4) Ice Palace for One, Frozen
Elsa inherited a castle from her parents. But her existence there was marked by repression of her true self. So when the people of Arendelle and its political peers see Elsa’s magical ice powers and react in fear to that which they don’t understand, Elsa sings an anthem of self-expression while building a palace entirely of herself. As “Let it Go” catapults emotion across the screen like a trebuchet flinging snowballs, Disney’s animators give us the unforgettable spectacle of Elsa creating an entire palace, culminating in Elsa magically manifesting her iconic ice dress.
3) Mulan Disarms Shan Yu, Mulan
After single-handedly crippling the Hun army (a potential entrant on this list all on its own), Mulan is outed as a woman but still warns of Shan Yu’s infiltration of the Imperial City. After Shan Yu’s sheer advantage in size overwhelms Li Shang and Mulan in turn, her fight with the Hun leader moves to a rooftop. Mulan, desperate for a weapon, produces the fan she brandished earlier in the movie when dressing up for a matchmaker. After Shan Yu taunts, “It looks like you’re out of ideas”, Mulan disarms him with the fan and takes his sword in an efficient punch-the-air moment.
2) Anna Sacrifices Her Kingdom to Save it, Frozen 2
For Anna, all hope is lost. She’s auditioned for Les Miserables with her song “The Next Right Thing”, wherein despite knowing her sister and Olaf are dead, she resolves to carry on and do what’s right, no matter how painful. So she wakes up the Earth Giants to destroy the Northuldra dam, the monument to Arendelle’s colonialist sin. Knowing the flood will destroy Arendelle, Anna invokes her royal authority to enlist the help of Mattias and his soldiers in taking desperate action. To be a Princess of a Kingdom is to understand the responsibility of power, and Anna’s decision to proactively confront the shameful history of Arendelle is a stunning display of leadership.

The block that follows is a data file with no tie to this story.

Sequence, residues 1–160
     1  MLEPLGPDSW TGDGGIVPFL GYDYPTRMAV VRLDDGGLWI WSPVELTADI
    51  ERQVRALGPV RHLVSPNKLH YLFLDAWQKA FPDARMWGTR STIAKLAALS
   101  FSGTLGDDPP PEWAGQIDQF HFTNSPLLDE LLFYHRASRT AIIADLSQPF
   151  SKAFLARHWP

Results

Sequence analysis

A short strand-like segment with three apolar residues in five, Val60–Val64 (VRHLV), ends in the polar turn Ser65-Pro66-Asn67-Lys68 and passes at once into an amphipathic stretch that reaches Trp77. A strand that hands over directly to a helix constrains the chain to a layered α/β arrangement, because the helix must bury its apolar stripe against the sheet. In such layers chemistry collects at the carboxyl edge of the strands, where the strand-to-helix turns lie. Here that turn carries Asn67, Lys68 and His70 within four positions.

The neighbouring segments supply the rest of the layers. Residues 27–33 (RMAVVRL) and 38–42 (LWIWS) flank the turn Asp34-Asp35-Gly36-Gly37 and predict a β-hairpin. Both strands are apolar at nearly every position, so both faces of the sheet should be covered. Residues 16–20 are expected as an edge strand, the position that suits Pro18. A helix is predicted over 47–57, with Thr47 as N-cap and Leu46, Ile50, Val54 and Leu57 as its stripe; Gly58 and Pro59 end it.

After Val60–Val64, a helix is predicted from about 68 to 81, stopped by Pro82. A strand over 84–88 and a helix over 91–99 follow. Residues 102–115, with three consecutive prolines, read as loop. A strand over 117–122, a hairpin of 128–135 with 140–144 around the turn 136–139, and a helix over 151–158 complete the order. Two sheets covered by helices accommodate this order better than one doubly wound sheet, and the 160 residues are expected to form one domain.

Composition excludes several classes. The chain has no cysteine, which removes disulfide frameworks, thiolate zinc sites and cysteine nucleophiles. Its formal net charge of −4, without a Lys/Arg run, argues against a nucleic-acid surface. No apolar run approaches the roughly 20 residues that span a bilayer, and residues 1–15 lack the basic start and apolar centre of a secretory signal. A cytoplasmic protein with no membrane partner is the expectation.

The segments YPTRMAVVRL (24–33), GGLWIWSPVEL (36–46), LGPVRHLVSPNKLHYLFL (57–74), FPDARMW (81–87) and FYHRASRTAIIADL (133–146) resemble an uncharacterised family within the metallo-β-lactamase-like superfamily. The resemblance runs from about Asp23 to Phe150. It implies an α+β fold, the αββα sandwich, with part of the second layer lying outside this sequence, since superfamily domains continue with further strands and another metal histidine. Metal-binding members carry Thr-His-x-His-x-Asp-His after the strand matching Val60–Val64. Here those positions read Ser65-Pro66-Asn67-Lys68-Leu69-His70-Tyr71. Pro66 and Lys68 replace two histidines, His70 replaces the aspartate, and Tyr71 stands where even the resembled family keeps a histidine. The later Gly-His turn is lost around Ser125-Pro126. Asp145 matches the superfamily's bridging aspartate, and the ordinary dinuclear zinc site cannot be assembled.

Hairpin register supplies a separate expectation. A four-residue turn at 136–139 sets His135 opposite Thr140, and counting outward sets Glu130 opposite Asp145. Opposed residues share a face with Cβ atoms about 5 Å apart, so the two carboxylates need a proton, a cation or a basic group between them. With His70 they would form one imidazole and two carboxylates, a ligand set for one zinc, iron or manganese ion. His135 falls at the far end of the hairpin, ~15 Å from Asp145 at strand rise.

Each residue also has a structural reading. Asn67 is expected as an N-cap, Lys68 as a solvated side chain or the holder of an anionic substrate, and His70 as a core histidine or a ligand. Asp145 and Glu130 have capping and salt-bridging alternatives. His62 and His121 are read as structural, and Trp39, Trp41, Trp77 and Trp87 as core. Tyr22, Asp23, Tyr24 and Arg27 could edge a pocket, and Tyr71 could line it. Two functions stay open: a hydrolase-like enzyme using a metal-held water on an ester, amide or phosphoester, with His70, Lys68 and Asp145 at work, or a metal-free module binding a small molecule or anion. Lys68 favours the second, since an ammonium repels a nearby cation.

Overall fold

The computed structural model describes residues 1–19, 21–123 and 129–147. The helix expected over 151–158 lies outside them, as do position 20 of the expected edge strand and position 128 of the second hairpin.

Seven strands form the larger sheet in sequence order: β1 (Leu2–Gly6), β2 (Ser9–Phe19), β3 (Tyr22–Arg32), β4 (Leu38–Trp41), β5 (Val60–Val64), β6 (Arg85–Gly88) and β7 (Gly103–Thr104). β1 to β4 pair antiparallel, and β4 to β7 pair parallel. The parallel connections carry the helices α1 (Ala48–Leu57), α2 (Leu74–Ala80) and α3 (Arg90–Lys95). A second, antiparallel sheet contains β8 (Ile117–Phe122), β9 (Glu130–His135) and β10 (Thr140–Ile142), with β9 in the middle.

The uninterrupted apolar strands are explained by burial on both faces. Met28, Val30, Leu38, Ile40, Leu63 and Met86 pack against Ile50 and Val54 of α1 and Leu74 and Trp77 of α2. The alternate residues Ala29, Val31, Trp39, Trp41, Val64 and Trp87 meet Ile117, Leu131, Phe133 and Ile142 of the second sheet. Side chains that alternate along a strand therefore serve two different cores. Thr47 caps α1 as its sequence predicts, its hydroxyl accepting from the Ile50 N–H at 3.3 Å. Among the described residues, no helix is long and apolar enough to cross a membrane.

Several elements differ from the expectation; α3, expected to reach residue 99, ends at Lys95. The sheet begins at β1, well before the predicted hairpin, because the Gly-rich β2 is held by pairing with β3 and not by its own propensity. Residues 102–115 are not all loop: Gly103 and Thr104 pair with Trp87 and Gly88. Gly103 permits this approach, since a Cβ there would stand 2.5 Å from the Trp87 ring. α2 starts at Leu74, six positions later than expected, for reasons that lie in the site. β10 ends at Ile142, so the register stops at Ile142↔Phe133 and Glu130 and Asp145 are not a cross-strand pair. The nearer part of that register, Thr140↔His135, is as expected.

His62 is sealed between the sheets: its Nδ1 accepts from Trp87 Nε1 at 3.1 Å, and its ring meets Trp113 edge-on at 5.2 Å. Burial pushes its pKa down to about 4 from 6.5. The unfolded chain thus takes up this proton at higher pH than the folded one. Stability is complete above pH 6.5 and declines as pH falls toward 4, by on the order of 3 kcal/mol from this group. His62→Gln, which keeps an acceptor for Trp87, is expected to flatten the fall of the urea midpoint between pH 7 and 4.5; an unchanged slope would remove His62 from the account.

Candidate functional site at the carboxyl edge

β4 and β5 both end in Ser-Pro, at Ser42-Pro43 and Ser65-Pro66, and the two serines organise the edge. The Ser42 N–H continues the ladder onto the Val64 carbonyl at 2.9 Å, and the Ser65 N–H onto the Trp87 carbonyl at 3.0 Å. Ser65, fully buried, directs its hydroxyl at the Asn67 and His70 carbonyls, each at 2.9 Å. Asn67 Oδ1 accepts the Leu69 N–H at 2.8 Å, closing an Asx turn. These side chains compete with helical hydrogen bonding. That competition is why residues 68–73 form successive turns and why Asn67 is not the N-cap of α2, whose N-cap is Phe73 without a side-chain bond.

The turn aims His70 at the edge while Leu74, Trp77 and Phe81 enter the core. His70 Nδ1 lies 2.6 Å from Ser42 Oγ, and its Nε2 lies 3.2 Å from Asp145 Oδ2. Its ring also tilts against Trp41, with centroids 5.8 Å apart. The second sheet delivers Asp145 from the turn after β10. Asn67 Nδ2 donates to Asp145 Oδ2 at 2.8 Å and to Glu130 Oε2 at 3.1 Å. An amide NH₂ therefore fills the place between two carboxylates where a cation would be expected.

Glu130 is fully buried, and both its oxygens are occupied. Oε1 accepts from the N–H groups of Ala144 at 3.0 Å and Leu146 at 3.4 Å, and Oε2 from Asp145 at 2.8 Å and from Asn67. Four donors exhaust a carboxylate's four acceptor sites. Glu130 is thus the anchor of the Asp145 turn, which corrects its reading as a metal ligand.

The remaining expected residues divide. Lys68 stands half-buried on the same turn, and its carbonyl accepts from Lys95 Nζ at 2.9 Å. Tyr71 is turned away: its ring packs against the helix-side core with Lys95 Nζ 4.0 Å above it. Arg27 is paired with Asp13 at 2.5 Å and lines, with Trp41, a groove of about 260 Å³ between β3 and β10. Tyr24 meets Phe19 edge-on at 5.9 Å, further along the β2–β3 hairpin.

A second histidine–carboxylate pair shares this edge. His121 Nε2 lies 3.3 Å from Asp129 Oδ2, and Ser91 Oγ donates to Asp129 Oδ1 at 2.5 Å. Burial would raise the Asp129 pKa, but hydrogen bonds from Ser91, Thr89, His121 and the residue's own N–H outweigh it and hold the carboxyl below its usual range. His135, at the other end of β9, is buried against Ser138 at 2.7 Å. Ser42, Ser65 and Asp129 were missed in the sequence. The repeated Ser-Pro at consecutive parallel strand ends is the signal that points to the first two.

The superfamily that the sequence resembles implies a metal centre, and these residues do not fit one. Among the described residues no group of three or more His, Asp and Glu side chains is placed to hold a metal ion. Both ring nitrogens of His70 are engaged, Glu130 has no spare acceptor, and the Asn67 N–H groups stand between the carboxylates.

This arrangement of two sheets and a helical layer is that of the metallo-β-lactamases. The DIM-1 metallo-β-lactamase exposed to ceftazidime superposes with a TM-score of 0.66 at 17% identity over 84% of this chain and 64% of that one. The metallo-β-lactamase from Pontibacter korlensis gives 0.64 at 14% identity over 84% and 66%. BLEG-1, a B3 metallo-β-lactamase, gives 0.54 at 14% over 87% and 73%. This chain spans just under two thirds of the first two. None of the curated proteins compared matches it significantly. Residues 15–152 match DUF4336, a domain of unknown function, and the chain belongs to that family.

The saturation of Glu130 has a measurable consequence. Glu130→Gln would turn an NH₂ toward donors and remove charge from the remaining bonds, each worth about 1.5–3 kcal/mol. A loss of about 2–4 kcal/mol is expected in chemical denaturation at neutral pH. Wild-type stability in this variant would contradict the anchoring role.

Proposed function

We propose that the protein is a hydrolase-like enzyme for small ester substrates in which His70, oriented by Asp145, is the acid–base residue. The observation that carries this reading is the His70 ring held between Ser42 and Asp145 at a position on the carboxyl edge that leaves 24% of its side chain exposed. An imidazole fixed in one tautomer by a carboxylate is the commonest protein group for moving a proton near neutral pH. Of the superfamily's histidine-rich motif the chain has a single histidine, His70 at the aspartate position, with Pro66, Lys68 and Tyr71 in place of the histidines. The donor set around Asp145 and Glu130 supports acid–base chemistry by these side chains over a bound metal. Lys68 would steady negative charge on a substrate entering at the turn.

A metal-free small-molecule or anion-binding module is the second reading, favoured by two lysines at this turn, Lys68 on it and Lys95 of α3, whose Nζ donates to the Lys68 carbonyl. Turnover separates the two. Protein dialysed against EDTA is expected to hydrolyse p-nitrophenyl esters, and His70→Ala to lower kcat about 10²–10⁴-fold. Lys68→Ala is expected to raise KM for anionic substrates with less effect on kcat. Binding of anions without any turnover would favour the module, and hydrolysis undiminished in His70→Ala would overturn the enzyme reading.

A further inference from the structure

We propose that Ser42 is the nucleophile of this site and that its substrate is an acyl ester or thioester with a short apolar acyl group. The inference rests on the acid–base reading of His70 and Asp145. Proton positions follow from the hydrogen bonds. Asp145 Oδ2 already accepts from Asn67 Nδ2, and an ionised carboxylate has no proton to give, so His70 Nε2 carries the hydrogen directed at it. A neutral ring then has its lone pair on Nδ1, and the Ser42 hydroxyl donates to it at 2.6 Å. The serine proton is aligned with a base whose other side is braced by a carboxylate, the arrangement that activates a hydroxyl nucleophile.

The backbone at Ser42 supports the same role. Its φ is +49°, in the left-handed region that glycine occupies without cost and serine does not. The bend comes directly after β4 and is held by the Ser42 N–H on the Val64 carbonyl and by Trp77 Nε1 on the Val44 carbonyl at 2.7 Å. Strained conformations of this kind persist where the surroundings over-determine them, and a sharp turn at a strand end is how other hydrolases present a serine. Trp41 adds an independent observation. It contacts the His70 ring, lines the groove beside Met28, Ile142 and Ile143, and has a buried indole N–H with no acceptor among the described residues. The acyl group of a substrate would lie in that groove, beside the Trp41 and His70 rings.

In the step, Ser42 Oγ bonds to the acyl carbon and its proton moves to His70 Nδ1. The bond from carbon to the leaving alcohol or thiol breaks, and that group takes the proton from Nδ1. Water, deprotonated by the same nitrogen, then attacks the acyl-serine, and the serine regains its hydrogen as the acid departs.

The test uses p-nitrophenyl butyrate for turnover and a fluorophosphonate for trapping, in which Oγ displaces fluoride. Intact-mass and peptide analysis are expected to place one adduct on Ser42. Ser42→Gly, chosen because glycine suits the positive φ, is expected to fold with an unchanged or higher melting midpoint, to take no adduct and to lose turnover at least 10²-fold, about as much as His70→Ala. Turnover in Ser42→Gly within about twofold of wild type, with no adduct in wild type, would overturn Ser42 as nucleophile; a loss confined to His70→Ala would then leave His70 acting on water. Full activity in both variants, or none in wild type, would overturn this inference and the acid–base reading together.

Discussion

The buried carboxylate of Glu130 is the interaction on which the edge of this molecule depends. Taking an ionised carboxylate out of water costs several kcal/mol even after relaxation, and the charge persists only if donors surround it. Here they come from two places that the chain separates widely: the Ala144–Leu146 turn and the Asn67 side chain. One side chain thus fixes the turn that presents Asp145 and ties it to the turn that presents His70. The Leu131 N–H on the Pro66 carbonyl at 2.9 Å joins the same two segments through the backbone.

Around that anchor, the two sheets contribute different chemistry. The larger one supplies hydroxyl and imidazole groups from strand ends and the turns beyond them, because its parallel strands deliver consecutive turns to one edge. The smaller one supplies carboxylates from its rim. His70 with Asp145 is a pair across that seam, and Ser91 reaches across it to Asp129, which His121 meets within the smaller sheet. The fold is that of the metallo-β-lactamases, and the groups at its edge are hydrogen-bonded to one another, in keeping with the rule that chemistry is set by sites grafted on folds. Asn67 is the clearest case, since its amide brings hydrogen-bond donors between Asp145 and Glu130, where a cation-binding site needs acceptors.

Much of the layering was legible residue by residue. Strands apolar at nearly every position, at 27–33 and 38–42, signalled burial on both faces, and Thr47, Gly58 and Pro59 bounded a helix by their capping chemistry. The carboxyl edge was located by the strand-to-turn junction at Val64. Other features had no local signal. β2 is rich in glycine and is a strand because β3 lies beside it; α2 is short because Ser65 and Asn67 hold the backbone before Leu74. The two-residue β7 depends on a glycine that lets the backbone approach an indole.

1) Moana Redeems Te Ka, Moana
For the length of the movie up to this point, Moana has believed that Maui, who stole the heart of Te Fiti, must restore it. But the power to do so has always been hers, as she has the insight to see through the corrupted form of Te Ka to the goddess underneath. So Moana parts the sea, sings to the kaiju-size fire demon, and saves it. In practice, this is mythic, poignant stuff supported by astonishing visuals. It gives me goosebumps every time. “They have stolen the heart from inside you / But this does not define you”, Moana sings to the molten monolith, before restoring that heart and saving the entire ocean from magical infection. A badass power move if ever I saw one.
“It is not improbabilities of incident but improbabilities of character that matter.” – Thomas Hardy
In Alfred Hitchcock’s 1964 film Marnie, Tippi Hedren’s title character is a kleptomaniac embezzler/con artist with crippling phobias of thunder, lightning, and the color red. When it comes to the building of a fictional person, that’s a lot. It’s a meal of a character, and she meets her match in the manipulative, vaguely sociopathic Mark Rutland (Sean Connery), who blackmails her into marriage. In telling their story, Hitchcock deploys a cornucopia of visual tricks, everything from dutch angles to eerie color overlay. The toolbox is wide open, no restraint. But he also displays a great number of his particular hang-ups, making Marnie something of a synecdoche for his preoccupations.
There’s the embezzling women and psychoanalysis of, well, Psycho. The plot device of keys from Notorious. The uncanny phobias and nightmarish imagery of Spellbound. The fluidity of female identity, often associated with hair color, from Vertigo. The twisted relationship dynamics of Suspicion. And most of all, there is the issue of Hitchcock’s behavior toward Tippi Hedren, the star he was jealously in love with, the woman he tormented on the set of The Birds. The representation of Hitchcock as problematic figure.
Many of Hitchcock’s women are there as decoration or as pawns to be sacrificed. To be the angelic girlfriend in Rear Window. To be hacked up in the shower in Psycho. To be grotesquely molded into someone they’re not and thrown off a building in Vertigo. To be brutally strangled in Frenzy. But Marnie is an extraordinary case. Here is a character who’s often a victim, both to her phobias and to her husband. But we always see the strength of her character, in her defiance or in a particularly witty comeback. And as Marnie, Hedren gives what so many other of Hitchcock’s women aren’t given a real chance to: a great performance. From deranged to distraught to childlike to wry, the woman runs the gamut.